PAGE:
Two years after one of the worst mine disasters in Canada’s history, mine officials in British Columbia are rolling out new mining codes.
They say the new codes will improve safety, prevent future disasters like the Mount Polley mine disaster in 2014, and increase transparency. B.C. officials announced the changes to the Canadian province’s mining code Wednesday afternoon, following all of the recommendations from an independent expert review panel.
Bill Bennett, B.C.’s minister of energy and mines, said the changes include updated design standards and management for tailings storage facilities, or TSFs.
“These changes ensure that there are design standards for TSFs that are tailored to the particular conditions that are encountered in B.C. The changes for TSFs and dam safety emphasized protection for the public and the environment,” he said.
TSFs hold all of the waste from a mine. The independent review found that Mount Polley’s had a poor design and build — a key failure that led to the disaster.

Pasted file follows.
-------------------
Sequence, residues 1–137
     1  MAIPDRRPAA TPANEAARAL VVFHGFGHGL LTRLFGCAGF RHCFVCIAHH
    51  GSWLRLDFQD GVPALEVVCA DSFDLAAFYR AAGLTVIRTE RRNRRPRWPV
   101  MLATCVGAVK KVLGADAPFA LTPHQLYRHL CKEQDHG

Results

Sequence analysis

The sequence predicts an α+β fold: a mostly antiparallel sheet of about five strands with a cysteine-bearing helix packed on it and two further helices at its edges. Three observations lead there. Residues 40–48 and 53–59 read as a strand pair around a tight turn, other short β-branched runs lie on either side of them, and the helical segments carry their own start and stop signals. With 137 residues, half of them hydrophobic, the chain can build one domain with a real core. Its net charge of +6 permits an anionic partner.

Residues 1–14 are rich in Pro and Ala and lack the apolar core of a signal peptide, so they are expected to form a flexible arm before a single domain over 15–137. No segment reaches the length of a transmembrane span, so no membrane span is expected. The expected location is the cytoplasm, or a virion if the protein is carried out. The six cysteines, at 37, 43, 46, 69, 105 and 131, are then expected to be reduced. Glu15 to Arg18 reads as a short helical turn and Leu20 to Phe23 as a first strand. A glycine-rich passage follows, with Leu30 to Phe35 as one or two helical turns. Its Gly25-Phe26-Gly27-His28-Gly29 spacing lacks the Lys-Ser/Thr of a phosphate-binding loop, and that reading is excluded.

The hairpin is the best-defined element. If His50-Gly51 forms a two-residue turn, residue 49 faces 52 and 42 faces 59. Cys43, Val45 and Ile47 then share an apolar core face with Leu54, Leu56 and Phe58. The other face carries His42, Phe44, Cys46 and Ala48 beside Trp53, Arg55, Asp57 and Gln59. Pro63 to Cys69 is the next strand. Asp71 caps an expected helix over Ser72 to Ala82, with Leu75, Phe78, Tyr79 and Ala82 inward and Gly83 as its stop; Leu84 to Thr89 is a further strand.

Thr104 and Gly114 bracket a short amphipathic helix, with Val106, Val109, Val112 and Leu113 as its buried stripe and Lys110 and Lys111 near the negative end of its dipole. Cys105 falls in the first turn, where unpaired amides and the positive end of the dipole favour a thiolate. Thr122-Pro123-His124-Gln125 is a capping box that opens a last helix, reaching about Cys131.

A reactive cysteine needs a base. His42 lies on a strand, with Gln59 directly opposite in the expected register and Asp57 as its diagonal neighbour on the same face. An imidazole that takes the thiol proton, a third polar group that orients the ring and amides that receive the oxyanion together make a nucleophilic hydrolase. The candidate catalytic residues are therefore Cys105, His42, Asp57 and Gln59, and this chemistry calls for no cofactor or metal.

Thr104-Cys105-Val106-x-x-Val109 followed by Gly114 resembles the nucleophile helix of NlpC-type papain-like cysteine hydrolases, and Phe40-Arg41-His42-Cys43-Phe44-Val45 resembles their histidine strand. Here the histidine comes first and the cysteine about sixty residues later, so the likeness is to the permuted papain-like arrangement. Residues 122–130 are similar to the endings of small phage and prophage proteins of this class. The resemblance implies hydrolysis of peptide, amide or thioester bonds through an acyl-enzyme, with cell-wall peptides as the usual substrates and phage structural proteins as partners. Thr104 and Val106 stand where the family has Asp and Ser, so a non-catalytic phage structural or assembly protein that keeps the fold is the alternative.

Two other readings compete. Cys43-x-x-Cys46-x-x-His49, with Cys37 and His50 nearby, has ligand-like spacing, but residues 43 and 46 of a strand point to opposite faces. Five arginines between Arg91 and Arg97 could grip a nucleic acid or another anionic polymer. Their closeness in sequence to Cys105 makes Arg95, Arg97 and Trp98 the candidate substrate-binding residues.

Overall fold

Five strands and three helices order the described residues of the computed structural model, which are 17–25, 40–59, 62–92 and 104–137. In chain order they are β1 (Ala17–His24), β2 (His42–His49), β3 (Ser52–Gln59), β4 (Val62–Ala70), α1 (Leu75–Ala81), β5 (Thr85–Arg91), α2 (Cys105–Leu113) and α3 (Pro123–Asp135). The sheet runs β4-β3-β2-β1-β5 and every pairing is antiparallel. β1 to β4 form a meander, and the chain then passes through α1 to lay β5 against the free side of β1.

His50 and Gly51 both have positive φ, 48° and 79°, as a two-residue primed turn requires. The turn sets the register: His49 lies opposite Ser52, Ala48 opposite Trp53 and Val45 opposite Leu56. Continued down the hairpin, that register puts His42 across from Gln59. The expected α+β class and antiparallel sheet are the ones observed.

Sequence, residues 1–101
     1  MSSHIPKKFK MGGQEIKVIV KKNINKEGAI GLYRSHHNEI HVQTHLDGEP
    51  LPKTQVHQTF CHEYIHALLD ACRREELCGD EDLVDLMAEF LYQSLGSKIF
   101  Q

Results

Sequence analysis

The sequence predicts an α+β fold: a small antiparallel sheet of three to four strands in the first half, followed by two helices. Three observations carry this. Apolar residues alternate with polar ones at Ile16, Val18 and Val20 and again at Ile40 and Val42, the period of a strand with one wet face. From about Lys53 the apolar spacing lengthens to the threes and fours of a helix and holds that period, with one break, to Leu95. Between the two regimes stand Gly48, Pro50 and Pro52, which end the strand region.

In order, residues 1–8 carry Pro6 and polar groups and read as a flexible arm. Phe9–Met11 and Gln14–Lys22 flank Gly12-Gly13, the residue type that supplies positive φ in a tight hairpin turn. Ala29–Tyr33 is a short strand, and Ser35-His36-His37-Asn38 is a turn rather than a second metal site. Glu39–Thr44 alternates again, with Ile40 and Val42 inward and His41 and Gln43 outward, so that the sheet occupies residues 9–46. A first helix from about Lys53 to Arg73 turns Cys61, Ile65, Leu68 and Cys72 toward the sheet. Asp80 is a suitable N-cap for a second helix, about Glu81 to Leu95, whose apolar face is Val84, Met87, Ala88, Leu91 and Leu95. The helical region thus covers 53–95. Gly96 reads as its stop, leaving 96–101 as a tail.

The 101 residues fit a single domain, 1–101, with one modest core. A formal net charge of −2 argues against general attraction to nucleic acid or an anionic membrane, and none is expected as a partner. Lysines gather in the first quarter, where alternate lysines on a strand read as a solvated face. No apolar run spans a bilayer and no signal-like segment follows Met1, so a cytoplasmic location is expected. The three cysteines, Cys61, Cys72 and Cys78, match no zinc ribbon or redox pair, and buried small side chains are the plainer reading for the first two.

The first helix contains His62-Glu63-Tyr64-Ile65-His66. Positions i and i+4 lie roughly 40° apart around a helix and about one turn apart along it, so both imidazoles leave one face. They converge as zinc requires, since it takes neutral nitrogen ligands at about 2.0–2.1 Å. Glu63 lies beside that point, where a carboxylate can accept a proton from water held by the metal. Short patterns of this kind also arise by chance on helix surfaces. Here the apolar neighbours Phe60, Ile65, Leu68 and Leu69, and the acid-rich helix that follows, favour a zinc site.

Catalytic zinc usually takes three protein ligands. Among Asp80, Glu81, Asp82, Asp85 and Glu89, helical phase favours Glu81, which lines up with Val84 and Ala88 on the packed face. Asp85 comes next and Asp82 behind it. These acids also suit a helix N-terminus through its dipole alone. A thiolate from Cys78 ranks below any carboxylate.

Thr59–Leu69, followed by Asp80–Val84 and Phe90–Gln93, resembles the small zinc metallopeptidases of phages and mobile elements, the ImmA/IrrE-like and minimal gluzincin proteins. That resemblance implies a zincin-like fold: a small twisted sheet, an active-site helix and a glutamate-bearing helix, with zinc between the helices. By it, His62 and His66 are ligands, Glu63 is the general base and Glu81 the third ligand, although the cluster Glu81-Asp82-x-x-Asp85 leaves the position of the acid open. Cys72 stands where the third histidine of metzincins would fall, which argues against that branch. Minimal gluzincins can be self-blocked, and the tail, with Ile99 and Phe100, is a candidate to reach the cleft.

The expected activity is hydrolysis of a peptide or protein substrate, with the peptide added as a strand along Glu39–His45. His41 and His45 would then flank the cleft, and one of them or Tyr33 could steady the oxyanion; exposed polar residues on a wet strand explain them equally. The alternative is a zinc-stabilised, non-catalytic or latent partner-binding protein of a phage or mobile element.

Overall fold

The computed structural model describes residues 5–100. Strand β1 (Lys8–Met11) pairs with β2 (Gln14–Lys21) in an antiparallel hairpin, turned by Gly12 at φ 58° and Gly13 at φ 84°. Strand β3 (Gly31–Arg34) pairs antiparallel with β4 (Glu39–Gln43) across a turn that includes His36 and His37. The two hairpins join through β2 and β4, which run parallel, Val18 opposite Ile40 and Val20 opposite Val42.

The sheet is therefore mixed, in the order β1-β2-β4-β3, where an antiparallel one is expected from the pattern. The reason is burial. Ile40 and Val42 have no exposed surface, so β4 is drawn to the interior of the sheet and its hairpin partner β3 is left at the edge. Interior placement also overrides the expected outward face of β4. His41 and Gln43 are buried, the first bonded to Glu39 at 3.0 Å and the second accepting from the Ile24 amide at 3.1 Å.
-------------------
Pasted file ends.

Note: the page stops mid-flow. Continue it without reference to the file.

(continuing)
Al Hoffman is the chief inspector of mines. He said the goal is to prevent big disasters from happening again.
“This is an area that we didn’t see as a significant risk, the mining industry didn’t see it as a significant risk, but we’ve realized it’s there now and we’ve worked very hard on these code revisions,” Hoffman said, “and I think that we’ve filled in a lot of those cracks so it’s very unlikely it would happen again.”
Other changes include creating independent tailing review boards, to help make sure the mines are in compliance, updating the permit applications process and posting all inspection documents and board activity overviews online.
Officials are planning to address more than a dozen recommendations from another report by the end of next year.
Guy Archibald is with the Southeast Alaska Conservation Council. He said that while the code changes are good, there’s still work to be done, especially when it comes to transboundary issues.
“We do we need international oversight for these mines, these are international waters,” Archibald said. “There are international fish and wildlife — they don’t respect that line of the map — and the tribes have relatives on both sides of the border.”
He said in the future, he’d like to see more collaboration with people affected on Alaska’s border.
The Mount Polley mine will open again next month.